Well, this young man began determined to speak to the first person he met. He met one of those old fishwives. Those of us who have seen them, can never forget them—they are extraordinary women, indeed! So, stepping up to her, he said, "Here you are, coming with your burden on your back. Let me ask you if you have got another burden—a spiritual burden?" "What?" she said, "Do you mean that burden in John Bunyan's Pilgrim's Progress Because if you do, young man, I have got rid of that many years ago, before you were born! But I went a better way to work than the pilgrim did. The evangelist that John Bunyan talks about was one of your parsons that do not preach the Gospel, for he said, Keep that light in your eye and run to the wicket gate. Why, man alive, that was not the place for him to run to! He should have said, 'Do you see that Cross? Run there at once!' But instead of that, he sent the poor pilgrim to the wicket gate first. And much good he got by going there! He got tumbling into the slough, and was like to have been killed by it." "But did you," the young man asked, "go through any slough of despond?" "Yes, young man, I did. But I found it a great deal easier going through with my burden off, than with it on my back."
The old woman was quite right. We must not say to the sinner, "Now, Sinner, if you will be saved, go to the baptismal pool—go to the wicket gate—go to the church—do this or that." No, the Cross should be right in front of the wicket gate and we should say to the sinner, "Throw yourself there and you are safe! But you are not safe till you can cast off your burden and lie at the foot of the Cross and find peace in Jesus." Well, that is a singing time with God's children!
And after that, do God's people sing? Yes, they have sweet singing times in their hours of communion. Oh, the music of that word, "communion," when it is heard in the soul—communion with Jesus, fellowship with Jesus, whether in His
sufferings or in His glories! Those are singing times, when the heart is lifted up to feel its oneness to Christ and its vital union with Him—and is enabled to "rejoice in hope of the Glory of God."
Have you not had some precious singing times, too, at the Lord's Table?Ah, when the bread has been broken and the wine poured out, how often have I had a song when the people have all joined in singing—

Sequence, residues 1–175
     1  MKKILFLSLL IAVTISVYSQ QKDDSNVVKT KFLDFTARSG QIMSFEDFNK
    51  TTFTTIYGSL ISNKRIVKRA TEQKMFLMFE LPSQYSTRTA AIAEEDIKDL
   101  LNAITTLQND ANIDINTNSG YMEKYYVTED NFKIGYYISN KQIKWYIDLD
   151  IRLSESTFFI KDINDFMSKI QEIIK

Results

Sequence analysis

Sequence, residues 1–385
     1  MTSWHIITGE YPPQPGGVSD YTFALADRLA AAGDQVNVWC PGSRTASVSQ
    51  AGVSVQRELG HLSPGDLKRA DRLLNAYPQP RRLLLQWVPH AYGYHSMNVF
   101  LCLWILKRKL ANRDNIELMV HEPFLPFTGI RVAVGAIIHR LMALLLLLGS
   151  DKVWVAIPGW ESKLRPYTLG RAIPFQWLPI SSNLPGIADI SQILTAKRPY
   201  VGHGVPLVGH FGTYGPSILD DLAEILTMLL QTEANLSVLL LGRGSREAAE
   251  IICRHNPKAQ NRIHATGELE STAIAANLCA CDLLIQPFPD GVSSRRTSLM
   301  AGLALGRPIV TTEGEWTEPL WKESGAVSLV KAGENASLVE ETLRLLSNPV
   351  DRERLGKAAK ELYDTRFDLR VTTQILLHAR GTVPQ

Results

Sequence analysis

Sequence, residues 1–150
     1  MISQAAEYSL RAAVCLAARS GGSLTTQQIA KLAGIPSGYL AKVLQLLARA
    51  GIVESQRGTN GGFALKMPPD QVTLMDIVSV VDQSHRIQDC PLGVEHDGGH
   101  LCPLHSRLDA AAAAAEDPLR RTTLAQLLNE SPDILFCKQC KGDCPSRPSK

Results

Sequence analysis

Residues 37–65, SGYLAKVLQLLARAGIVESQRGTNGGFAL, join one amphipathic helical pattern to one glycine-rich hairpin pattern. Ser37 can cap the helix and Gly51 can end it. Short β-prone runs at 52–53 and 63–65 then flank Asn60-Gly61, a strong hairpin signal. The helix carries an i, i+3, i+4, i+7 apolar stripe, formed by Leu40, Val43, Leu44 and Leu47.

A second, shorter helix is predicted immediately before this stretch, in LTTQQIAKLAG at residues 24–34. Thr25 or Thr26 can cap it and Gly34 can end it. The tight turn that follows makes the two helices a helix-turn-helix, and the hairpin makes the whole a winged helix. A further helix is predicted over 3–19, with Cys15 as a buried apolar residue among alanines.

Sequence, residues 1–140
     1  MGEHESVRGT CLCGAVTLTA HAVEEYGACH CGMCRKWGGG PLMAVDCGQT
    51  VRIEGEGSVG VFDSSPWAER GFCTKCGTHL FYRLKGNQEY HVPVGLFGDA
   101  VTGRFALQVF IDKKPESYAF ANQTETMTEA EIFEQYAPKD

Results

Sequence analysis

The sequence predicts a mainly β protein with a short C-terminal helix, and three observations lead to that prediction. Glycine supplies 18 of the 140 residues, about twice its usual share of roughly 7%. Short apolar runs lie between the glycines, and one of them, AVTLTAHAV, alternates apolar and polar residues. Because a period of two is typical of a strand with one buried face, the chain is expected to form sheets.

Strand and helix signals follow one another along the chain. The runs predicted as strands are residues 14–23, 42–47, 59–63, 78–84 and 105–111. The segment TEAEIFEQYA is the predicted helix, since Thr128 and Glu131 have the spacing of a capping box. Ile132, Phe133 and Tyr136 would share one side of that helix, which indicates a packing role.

"Gethsemane, can I forget,
Or there the conflict see,
Your agony and bloody sweet,
And not remember Thee?
When to the Cross
I turn my eyes,
And rest on Calvary,
Oh, Lamb of God, my Sacrifice,
I must remember Thee."
But lastly, my dear Friends, the best singing time we shall have will be when you and I come to die. Ah, there are some of you that are like what is fabled of the swan. The ancients said the swan never sang in his lifetime, but always sang just when he died. Now, there are many of God's desponding children who seem to go all their life under a cloud, but they get a swan's song before they die. The river of your life comes running down, perhaps black and miry with troubles, and when it begins to touch the white foam of the sea, there comes a little glistening in its waters. So, Beloved, though we may have been very much dispirited by reason of the burden of the way, when we get to the last, we shall find swan songs! Are you afraid of dying? Oh, never be afraid of that—be afraid of living! Living is the only thing that can do any mischief! Dying never can hurt a Christian! Afraid of the grave? It is like the bath of Esther in which she lay for a time, to purify herself with spices that she might be fit for her lord. You are afraid of dying, you say, because of the pains of death. No, they are the pains of life—of life struggling to continue! Death has no pain—death itself is but one gentle sigh—the fetter is broken and the spirit fled. The best moment of a Christian's life is his last one, because it is the one that is nearest Heaven! And then it is that he begins to strike the keynote of the song which he shall sing to all eternity. Oh, what a song will that be! It is a poor song we make now. When we join the song—perhaps we are almost ashamed to sing—but up there our voices shall be clear and good! And there—
"Loudest of the crowd we'll sing
While Heaven's resounding mansions ring
With shouts of Sovereign Grace!" The thought struck me the other day that the Lord will have in Heaven some of those very big sinners that have gone further astray than anybody that ever lived—the most extraordinary extravaganzas of vice—just to make the melody complete by singing some of those soprano notes which you and I, because we have not gone so far astray, will never be able to utter. I wonder whether one has stepped in here who God has selected to take some of those alto notes in the scale of praise? Perhaps there is one such here! Oh, how will such a one sing, if Grace—Free Grace—shall have mercy upon him! May there be many such. Amen!
|« Prev||Sermon 3332. The Dumb Become Singers||Next »|